Features

Vaccines and Nationalism: A Hazardous Concoction

Considering the humongous impact that the coronavirus pandemic has had on the world in the previous months, it would be hard to find a precedent of similar proportions in world history. As we move to a phase where concrete solutions have begun to take shape, especially in the form of vaccines, it is essential that the world does not let forces, barring medical ones, inhibit the smooth culmination of a dark chapter.  

98,180,233 human beings. Grouped together, the number of COVID-affected individuals would form the 15th largest country in the world in terms of population. To give you a fair idea of the scale being referred to, the United Kingdom has a population of 67,886,011 individuals. The Coronavirus pandemic and its origins, implications, ramifications shall be analysed and debated upon for years to come. But what we know at the moment is that its influence ballooned courtesy of a bunch of administrative errors – triggered by a few national governments, international organizations and their actions, or rather, the lack of them.

Transitioning to a prolonged stage of what seems to be the business end of the pandemic, we cannot let similar administrative errors strengthen the pandemic’s impact yet again. And observing the prevalence of vaccine nationalism across the world, it would be necessary to accept that the world is walking on thin ice.  

With a limited number of vaccine doses available for sale and use, high-income countries are buying large amounts of the same, as well as negotiating bulk deliveries in advance, thus pushing low-income countries out of the picture and creating a space of inequitable distribution of doses. As of now, distribution of doses has been large, if not entirely based on the purchasing power of countries and not on the percentage of affected cases or the existence of high-risk (densely populated) areas.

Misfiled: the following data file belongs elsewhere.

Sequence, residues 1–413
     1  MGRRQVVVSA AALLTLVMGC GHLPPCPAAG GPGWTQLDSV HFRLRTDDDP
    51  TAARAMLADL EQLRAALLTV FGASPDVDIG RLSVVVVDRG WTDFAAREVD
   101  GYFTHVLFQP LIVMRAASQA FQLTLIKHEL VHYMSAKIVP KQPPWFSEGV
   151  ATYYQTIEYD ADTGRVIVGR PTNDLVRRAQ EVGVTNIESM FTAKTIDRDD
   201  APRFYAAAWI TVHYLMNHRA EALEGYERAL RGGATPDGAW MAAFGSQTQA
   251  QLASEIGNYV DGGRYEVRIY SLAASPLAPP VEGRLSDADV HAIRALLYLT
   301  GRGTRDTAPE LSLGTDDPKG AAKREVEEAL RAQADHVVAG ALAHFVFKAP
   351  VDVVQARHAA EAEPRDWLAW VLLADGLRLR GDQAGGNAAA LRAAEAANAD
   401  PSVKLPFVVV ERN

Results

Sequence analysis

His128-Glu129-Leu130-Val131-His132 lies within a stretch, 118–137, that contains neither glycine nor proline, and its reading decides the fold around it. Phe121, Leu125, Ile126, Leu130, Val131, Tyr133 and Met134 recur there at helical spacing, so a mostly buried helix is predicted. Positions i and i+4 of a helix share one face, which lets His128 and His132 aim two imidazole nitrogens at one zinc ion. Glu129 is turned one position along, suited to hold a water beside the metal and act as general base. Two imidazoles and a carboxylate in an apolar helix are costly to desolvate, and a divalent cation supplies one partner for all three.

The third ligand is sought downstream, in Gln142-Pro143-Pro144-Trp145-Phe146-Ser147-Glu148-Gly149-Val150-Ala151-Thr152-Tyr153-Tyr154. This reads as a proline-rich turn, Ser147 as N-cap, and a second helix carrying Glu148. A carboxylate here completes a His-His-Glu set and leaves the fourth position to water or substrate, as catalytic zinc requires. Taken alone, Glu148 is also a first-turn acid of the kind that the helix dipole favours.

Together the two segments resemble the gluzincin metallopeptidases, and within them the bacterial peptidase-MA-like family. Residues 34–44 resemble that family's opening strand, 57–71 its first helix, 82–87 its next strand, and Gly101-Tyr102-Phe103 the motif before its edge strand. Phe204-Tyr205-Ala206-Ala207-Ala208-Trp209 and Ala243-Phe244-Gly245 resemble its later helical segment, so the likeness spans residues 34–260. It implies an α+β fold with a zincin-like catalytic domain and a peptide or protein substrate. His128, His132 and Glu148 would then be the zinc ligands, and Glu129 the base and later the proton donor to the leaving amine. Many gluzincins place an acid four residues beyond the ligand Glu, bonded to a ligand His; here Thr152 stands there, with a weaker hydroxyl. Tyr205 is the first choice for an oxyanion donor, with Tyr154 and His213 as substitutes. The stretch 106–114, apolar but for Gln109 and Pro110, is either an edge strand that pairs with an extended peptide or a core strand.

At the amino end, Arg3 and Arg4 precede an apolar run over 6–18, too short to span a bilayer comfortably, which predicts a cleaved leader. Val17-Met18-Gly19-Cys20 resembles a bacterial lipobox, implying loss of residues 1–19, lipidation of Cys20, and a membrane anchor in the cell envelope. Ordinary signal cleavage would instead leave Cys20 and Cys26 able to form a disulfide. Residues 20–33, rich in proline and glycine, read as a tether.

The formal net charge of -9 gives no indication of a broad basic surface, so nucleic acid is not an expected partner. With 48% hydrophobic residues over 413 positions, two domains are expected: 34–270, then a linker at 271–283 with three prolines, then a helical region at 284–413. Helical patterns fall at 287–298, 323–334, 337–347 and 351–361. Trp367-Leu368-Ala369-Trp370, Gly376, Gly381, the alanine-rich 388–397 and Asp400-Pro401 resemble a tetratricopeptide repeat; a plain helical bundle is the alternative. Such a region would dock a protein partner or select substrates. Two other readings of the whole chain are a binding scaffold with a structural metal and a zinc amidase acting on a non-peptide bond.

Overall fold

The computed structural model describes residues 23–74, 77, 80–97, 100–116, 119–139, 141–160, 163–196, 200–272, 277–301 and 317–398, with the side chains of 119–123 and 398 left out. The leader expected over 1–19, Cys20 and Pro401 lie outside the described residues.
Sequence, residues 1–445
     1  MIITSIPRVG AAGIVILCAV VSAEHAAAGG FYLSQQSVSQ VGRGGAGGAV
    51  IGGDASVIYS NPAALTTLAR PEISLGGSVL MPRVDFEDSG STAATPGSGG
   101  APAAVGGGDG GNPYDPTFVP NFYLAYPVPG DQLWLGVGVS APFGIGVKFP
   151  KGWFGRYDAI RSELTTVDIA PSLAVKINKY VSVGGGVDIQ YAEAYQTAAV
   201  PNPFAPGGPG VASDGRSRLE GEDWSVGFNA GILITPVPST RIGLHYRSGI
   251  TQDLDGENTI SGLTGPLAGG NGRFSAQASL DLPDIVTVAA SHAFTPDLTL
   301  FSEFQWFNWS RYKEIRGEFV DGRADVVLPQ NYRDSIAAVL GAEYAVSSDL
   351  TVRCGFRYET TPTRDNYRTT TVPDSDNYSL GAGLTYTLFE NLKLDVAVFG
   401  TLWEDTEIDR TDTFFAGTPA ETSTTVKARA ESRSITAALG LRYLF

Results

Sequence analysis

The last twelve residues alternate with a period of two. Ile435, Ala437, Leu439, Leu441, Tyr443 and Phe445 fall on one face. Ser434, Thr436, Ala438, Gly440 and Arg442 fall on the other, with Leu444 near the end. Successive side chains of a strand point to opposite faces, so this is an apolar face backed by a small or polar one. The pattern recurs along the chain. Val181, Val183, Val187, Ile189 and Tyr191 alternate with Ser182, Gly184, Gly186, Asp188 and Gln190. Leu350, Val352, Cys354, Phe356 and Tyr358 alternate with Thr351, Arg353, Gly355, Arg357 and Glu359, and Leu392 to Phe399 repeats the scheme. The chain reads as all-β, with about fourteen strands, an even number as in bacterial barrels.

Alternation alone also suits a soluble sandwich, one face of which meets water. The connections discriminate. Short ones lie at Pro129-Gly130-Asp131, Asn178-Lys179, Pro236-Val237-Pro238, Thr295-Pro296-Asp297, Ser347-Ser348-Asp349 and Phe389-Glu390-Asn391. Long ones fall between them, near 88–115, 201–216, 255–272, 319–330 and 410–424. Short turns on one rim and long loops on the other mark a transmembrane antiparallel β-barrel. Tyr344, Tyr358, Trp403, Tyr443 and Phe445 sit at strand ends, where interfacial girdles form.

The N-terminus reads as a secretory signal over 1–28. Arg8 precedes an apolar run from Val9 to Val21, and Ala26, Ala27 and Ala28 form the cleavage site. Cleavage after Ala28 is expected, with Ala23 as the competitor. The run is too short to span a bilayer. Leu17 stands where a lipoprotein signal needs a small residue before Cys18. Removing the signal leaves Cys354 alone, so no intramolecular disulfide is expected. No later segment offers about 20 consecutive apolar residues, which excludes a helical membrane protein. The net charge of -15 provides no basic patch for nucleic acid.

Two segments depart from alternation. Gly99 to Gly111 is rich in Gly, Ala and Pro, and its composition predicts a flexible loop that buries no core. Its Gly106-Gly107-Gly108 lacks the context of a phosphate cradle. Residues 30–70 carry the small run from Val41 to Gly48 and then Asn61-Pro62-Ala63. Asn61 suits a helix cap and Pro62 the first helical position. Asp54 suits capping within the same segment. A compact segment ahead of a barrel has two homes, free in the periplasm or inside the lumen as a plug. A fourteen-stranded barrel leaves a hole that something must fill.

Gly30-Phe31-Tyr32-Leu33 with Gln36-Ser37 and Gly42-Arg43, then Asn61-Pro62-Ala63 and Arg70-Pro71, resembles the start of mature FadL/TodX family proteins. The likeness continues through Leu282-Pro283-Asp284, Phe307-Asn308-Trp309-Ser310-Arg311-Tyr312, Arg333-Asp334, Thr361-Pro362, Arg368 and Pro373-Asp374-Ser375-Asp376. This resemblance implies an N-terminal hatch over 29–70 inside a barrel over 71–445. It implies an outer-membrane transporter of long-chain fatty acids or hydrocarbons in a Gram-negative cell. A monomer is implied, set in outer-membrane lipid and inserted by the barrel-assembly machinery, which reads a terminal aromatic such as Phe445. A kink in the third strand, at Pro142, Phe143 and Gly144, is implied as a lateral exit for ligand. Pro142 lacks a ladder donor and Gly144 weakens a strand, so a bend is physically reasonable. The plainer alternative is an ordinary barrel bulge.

Image Caption: Vaccine inequity is apparent.
Image Credits: Mrigank Shail, Twitter

In a gist, countries are prioritising their own interests and their own people. And while doing so is not wrong, it needs to be understood that there exists a huge disparity between the number of available doses and the number of people who need it, with there being some countries who need them more than others. Had there been enough vaccines, a “country first” wouldn’t have created a sticky situation since every country would have been accounted for. Since this is not the case, decisions regarding the distribution of doses require a “world-first” approach. And these decisions need to be taken by scientists and doctors, not by politicians. 

In an article for Harvard Business Review, titled “The Dangers of Vaccine Nationalism,” Rebecca Weintraub, Asaf Bitton and Mark L. Rosenberg opine –

“This ‘vaccine nationalism’ is not only morally reprehensible, but it is also the wrong way to reduce transmission globally. And global transmission matters: If countries with a large number of cases lag in obtaining the vaccine and other medicines, the disease will continue to disrupt global supply chains and, as a result, economies around the world. In the midst of this global pandemic, we must leverage our global governance bodies to allocate, distribute, and verify the delivery of the Covid 19 vaccine.”

Vaccine nationalism has two sides, the one mentioned above, and the other being the practice of giving premature approvals to indigenously-developed vaccines. To give you an example, “Covaxin,” a vaccine developed in India by Bharat Biotech was green-lighted by the government for “restricted” public usage even though large-scale trials were yet to be conducted.

Clinical trials require three phases of testing, and apparently, Covaxin went through only two. Incomplete testing and accelerated authorizations might lead to a less accurate estimation of the vaccine’s efficacy or even the failure of recognizing possibly harmful side effects. Russia and China have also resorted to large-scale usage of vaccines which did not go through the standard testing procedure and duration. 

Tackling a virus which put the entire globe on a standstill allows a very minuscule margin of error. Understanding the gravity of the state of affairs is essential, and so is the prioritisation of global interests over national and political ones. At this juncture, the discussion over a particular decision related to the inhibition of the pandemic should not involve any factors apart from medical ones, and certainly not political ones. But looking at the recent actions of governments, the world is staring at a long walk to restoration.

Featured Image Credits: Financial Times

Araba Kongbam

arabak@dubeat.com

Author

Journalism has been called the “first rough draft of history”. D.U.B may be termed as the first rough draft of DU history.Freedom to Express.